Albino Animals - Birds


by Grandpa Cliff     Jan 23, 2006, revised May 4, 2011




Male Peacock

It is an example of a white (leucistic) form 




There are 9 webpages about albinos on Grandpa Cliff's Science Website for Teenagers.  

Read the Introduction in order to learn how albinos are different from white (leucistic) forms of animals.


    Introduction  - gives facts about albinos, and contains a list of all photos of albinos on this website

    Mammals - part 1  Primates & Hoofed Animals

    Mammals - part 2  Carnivores

    Mammals - part 3  Rodents & Insectivores

    Mammals - part 4  (miscellaneous) 



    Reptiles & Amphibians





Photos of the following albino and white birds can be found below.  They are arranged alphabetically. 



    Budgerigar (Budgie, Parakeet) (2)

    Cardinal, Northern


    Hummingbird, Ruby-throated (4)


    Owl  (2)

    Peacock (2)

    Penguin, African

    Robin, American

    Sparrow, House





Budgerigar (Budgie, Parakeet).  

This white (leucistic) bird has the normal yellow beak.

It is the mother of the three other birds.




Budgerigar (Budgie, Parakeet).  Albino with pink eyes, beak and feet.




A male Northern Cardinal, half white and half normal coloration.

A very unusual bird.




Albino Dove with pink eyes, beak, and feet.




Ruby-throated Hummingbirds with dark eyes, so these are the white (leucistic) form.

The beak is normally dark in color, as is the case with the bird on the left.  

The one on the right has a pink bill.  [S]




Ruby-throated Hummingbird with pink bill.  If the eye is also pink, it is an albino.




The foot of this Ruby-throated Hummingbird shows why 

the feet of albino birds can look pink.  Without any 

pigmentation, we can actually see the blood vessels.  [S]




Fischer's Lovebird

The middle bird is supposed to be the offspring of the other two birds.

Eye color is not always easy to tell from photographs.  

This bird may have pink eyes and be an albino.




This owl in Costa Rica (Central America) appears to be an albino.




     Great Horned Owl.  It has yellow irises, which is the normal color.

This is the white (leucistic) form.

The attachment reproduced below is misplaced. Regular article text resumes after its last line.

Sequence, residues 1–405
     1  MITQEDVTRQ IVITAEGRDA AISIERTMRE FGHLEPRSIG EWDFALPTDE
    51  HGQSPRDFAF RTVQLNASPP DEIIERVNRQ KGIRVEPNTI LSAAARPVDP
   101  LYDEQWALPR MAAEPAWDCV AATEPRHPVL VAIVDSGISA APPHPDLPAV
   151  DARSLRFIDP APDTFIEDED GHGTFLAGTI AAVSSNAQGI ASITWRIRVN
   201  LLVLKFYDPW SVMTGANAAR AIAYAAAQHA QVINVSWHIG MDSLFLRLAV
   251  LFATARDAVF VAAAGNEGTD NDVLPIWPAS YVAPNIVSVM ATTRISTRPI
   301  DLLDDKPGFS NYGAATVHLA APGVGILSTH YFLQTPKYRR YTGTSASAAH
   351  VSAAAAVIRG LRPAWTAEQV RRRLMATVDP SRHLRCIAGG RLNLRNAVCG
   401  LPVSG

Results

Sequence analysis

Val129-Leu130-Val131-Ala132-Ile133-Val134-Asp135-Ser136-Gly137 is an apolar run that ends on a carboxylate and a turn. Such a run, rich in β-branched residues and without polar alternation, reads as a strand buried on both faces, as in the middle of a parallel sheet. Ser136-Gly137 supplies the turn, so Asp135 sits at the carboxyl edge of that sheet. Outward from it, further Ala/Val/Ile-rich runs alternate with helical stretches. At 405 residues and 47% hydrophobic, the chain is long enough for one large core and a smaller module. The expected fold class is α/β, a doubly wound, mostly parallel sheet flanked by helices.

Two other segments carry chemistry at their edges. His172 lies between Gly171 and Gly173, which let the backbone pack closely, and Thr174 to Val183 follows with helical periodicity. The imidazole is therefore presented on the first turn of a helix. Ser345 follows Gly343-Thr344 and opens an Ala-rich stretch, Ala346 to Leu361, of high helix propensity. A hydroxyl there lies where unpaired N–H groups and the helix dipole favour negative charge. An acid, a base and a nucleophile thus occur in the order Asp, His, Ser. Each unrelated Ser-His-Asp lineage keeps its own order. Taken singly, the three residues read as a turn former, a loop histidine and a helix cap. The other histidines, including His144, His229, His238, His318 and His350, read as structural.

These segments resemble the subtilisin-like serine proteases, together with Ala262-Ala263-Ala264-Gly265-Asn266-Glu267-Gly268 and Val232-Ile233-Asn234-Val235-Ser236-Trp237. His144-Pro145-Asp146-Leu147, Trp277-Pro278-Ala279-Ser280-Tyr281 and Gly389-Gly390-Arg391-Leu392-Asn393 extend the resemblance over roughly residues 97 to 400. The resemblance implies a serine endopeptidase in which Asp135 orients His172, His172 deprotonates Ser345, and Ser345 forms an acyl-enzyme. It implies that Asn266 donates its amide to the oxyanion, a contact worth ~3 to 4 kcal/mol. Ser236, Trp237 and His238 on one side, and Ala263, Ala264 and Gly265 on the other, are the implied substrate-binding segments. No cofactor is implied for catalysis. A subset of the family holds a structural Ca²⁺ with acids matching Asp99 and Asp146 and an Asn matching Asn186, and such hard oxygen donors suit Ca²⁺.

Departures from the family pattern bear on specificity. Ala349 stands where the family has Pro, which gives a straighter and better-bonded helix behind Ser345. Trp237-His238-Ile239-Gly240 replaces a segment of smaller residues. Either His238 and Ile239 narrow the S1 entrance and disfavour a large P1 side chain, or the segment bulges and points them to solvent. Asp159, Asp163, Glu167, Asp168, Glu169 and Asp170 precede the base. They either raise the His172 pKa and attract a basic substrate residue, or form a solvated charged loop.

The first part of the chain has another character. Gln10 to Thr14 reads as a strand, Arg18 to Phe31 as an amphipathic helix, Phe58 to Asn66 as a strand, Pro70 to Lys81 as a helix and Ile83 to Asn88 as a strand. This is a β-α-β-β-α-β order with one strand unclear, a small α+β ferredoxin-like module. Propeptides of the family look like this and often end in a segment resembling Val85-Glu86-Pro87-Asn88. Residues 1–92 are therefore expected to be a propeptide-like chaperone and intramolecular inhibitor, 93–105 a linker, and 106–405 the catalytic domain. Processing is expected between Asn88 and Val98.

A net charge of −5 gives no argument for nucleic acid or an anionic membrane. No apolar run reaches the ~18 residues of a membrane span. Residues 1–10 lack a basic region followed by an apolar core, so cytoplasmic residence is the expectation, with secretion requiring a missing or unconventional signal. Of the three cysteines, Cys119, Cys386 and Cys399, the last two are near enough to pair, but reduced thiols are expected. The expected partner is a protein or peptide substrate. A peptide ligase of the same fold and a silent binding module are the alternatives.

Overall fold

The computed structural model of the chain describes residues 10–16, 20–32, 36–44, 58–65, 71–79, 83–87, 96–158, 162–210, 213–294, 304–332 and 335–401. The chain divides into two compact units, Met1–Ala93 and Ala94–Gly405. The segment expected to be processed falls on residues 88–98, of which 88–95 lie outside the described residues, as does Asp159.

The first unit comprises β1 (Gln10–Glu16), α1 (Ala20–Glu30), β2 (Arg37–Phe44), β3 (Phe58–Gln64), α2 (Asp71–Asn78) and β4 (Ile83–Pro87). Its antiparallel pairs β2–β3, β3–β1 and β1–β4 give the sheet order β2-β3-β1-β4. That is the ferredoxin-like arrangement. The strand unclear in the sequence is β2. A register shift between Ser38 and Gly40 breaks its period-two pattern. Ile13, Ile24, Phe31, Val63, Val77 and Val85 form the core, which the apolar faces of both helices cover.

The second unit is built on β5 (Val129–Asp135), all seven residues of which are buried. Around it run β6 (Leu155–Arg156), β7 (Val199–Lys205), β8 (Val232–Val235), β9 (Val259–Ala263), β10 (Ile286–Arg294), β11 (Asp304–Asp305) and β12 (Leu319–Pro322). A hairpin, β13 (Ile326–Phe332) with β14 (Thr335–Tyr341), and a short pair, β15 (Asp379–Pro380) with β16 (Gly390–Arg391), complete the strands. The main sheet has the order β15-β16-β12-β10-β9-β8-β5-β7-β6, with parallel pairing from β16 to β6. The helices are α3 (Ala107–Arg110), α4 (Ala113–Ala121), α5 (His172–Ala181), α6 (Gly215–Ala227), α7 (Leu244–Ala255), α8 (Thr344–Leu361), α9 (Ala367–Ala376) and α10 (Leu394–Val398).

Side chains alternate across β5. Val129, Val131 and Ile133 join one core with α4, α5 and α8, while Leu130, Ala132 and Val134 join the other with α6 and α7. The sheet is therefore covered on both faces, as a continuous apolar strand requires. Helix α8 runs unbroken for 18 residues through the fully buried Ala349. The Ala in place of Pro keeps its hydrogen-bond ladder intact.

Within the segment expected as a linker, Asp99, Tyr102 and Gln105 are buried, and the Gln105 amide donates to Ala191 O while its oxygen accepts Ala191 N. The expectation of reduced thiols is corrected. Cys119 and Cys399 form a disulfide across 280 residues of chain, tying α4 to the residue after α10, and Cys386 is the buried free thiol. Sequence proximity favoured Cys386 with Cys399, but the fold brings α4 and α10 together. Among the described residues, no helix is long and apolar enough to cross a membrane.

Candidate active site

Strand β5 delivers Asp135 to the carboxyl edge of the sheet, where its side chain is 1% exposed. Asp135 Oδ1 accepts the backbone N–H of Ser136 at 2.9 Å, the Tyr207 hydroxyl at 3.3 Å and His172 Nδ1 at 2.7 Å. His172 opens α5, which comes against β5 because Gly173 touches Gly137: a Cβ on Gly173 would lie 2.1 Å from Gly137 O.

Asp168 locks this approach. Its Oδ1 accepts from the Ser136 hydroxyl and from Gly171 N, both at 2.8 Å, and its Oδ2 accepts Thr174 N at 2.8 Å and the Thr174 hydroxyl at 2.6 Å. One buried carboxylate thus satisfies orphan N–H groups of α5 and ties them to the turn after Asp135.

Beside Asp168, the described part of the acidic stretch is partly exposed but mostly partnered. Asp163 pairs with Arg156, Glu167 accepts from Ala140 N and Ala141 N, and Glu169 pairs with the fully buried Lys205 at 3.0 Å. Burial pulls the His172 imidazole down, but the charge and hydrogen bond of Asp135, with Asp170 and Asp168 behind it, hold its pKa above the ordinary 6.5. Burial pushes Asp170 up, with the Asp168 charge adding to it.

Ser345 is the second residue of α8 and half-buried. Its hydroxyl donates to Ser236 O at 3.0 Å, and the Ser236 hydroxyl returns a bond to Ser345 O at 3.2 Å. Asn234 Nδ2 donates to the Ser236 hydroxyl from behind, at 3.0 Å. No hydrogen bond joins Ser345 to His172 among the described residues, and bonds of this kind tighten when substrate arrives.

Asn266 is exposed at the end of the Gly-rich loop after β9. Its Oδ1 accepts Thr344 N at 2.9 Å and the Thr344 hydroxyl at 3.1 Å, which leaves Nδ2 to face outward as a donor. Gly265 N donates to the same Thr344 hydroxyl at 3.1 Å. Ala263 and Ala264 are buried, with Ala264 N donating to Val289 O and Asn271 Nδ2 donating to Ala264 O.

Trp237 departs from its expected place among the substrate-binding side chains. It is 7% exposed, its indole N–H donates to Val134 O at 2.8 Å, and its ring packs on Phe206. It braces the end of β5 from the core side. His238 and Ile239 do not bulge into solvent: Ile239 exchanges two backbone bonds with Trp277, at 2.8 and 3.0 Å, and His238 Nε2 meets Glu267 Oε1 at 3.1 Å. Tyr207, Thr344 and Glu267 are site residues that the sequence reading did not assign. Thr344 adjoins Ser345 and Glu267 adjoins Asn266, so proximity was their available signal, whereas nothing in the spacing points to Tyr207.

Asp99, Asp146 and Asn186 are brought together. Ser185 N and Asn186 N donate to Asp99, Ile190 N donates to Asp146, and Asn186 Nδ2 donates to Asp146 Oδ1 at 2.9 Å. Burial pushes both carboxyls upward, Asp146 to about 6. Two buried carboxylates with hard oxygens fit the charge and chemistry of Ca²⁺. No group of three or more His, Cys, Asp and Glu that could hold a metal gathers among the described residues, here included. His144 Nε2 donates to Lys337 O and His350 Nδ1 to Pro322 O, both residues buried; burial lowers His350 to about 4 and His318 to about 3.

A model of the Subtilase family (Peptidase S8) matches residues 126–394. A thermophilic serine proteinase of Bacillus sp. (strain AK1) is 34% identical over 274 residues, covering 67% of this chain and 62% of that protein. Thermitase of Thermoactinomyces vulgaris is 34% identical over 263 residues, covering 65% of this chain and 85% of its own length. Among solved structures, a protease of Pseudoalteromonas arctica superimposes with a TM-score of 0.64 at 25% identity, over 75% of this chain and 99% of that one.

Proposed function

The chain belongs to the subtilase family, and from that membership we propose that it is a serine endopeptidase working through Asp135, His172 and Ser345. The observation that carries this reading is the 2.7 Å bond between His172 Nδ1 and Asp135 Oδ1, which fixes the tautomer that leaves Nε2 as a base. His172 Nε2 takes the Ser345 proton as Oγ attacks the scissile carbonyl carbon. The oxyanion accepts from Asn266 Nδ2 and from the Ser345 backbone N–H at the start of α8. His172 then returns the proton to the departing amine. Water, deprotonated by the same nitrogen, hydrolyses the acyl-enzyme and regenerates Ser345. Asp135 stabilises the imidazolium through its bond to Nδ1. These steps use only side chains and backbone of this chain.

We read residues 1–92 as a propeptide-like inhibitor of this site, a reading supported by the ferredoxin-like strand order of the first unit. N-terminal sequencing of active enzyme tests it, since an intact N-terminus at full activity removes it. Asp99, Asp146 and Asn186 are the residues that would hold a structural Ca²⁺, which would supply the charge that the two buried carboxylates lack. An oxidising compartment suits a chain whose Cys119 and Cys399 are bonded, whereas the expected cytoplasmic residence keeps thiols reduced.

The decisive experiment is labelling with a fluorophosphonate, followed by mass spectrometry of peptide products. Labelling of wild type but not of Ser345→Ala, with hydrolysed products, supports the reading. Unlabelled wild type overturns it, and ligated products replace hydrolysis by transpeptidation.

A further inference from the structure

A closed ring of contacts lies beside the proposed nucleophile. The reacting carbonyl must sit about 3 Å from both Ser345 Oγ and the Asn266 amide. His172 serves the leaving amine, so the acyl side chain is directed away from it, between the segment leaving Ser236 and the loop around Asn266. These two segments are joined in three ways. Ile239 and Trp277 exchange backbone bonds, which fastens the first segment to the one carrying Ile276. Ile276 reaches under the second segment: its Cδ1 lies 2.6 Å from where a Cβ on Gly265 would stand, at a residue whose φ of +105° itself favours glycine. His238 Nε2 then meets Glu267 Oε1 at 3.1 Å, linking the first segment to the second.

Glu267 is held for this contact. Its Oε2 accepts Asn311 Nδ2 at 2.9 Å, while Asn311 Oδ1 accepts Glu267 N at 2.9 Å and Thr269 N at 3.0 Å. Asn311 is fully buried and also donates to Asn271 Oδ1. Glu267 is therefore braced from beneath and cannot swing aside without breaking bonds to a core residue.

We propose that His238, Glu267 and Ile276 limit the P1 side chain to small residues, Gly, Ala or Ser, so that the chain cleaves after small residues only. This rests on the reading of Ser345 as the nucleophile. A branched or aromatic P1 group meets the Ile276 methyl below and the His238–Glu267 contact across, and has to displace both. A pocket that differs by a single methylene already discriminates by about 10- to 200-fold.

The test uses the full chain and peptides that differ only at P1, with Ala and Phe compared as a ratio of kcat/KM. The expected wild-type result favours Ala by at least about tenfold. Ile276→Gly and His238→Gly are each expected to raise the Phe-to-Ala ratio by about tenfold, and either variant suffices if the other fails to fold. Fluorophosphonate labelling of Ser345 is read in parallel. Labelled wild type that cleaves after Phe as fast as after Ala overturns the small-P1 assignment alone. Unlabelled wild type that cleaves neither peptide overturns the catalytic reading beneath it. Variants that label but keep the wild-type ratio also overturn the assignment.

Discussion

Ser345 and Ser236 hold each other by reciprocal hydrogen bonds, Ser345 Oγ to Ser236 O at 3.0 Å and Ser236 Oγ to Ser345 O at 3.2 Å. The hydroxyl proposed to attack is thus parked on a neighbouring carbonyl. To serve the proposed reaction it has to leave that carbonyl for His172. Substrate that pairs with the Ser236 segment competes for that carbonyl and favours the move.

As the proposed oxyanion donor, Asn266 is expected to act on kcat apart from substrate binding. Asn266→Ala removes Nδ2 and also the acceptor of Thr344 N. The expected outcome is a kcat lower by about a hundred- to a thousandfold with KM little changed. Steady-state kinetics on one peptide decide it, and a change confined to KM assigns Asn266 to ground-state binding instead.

Red-tailed Hawk in Loudonville, Ohio (partial albino).  The eyes are pink.

(photo taken March 15, 2008 by Pennola Nolan)




Peacock (male).  This is the white (leucistic) form.



This is an African Penguin, but it is more commonly called the Jackass Penguin because of the braying-like sound that it makes.  A normal individual can be seen at the upper left of the photo.  In the wild, these penguins are found only on offshore islands and the coast of southwestern Africa in the countries of South Africa and Namibia.



"Snowdrop" was born in the Bristol Zoo, Bristol, England.  This albino penguin has pink facial skin, eyes, and feet, as well as a light beak and wing.  The pink eye looks dark in this photo, but there is a better view showing Snowdrop and its normally-colored friends being fed fish from a pail.  Read more about the African Penguin, a bird that swims underwater.





An American Robin that had been feeding with other Robins. 

This white (leucistic) form is dark around the eye and has the normal yellow beak.




A white (leucistic) House Sparrow with pink eyes, beak, legs, and feet.  In its natural colors, it is a common 

bird in much of the world.  This one is a baby, since it has the yellow corners of the mouth that are 

common to baby birds.  When they open their mouths, this coloration stimulates the 

parent to feed the young bird.  My thanks to Peter Reinhard of Germany, 

a breeder of sparrows, for confirming the identification.




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